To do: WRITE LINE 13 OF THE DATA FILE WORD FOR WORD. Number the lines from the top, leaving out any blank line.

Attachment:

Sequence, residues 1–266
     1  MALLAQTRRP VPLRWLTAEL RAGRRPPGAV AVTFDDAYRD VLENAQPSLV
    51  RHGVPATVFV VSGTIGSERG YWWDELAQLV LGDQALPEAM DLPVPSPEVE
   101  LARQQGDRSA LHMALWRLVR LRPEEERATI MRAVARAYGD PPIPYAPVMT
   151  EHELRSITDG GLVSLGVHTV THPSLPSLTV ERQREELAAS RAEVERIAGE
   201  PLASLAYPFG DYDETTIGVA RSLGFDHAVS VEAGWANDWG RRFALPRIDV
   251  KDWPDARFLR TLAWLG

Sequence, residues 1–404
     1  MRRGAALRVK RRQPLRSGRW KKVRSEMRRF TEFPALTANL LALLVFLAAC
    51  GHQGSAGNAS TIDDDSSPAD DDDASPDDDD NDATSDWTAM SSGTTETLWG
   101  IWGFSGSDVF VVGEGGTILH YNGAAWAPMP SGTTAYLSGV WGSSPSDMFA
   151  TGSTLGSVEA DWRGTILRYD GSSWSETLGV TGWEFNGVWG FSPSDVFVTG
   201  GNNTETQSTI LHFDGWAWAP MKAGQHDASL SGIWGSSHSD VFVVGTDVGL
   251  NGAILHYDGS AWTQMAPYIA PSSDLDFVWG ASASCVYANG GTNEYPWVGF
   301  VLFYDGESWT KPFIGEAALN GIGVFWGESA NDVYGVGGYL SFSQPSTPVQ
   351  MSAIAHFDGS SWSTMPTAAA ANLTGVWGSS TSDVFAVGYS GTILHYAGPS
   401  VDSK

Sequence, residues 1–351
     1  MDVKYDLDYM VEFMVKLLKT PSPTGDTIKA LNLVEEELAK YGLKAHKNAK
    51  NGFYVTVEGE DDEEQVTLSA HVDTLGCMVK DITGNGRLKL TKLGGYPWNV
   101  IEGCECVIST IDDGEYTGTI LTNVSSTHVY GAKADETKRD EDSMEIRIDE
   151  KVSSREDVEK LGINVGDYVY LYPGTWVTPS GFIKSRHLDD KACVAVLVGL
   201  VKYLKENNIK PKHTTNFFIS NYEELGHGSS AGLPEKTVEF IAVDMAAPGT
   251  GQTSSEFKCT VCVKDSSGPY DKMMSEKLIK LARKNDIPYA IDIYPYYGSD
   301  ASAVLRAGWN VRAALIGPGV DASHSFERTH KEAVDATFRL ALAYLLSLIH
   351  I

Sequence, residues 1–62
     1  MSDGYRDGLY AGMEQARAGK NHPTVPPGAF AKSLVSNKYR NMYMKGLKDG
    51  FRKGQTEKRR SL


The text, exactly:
   201  GNNTETQSTI LHFDGWAWAP MKAGQHDASL SGIWGSSHSD VFVVGTDVGL